“It Can’t Happen Here!”
Gladden Pappin revisits an 1899 Catholic debate about whether liberalism threatens America
A common trope of American conservatism has long been that, unlike the Revolution in France, the American revolution was fundamentally “conservative,” perhaps not a revolution at all. This line of argument was initially applied by Burke to distinguish the Revolution in France from the “Glorious Revolution” of 1688, which he said was not a revolution but rather the prevention of a revolution. In the American context, the argument can be sourced to Friedrich von Gentz (1764–1832), a translator of Burke into German, whose own work was translated in turn into English by John Quincy Adams in 1800, as The Origin and Principles of the American Revolution, Compared with the Origin and Principles of the French Revolution. Among other contrasts, Gentz draws the following:
2. The American revolution was from beginning to end, on the part of the Americans, merely a defensive revolution; the French was from beginning to end, in the highest sense of the word, an offensive revolution. . . .
3. The American revolution, at every stage of its duration, had a fixed and definite object, and moved within definite limits, and by a definite direction towards this object. The French revolution never had a definite object; and, in a thousand various directions, continually crossing each other, ran through the unbounded space of fantastic arbitrary will, and of a bottomless anarchy. . . .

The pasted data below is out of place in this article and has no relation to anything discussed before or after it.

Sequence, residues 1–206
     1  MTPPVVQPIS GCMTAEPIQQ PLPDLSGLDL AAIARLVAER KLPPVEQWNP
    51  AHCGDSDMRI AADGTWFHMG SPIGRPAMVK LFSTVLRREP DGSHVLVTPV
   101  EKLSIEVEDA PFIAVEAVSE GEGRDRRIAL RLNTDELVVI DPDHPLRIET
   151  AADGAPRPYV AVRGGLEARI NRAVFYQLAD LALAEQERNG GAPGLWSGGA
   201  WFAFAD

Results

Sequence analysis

In part because of these popular contrasts between the American and European situations, American readers in the nineteenth century were suspicious of claims that the liberalism of Europe would touch the United States in an adverse way.
Among Catholics, a key flash point for this debate was the adaptation, by Condé B. Pallen of St. Louis, of Fr. Félix Sardà y Salvany’s 1884 El liberalismo es pecado: Liberalism Is a Sin. Pallen was a publisher and editor in St. Louis, taking the helm of Church Progress in 1887 for a decade, during which time the magazine became known as Church Progress and Catholic World.
Pallen famously took certain liberties in adapting Sardà y Salvany’s book for the American reader, under the title What Is Liberalism? (St. Louis: Herder, 1899). But if adaptation is imagined to be any sort of compromise or dilution, What Is Liberalism? was certainly not that. Pallen’s translation defines liberalism as follows, without much accommodation for American ears: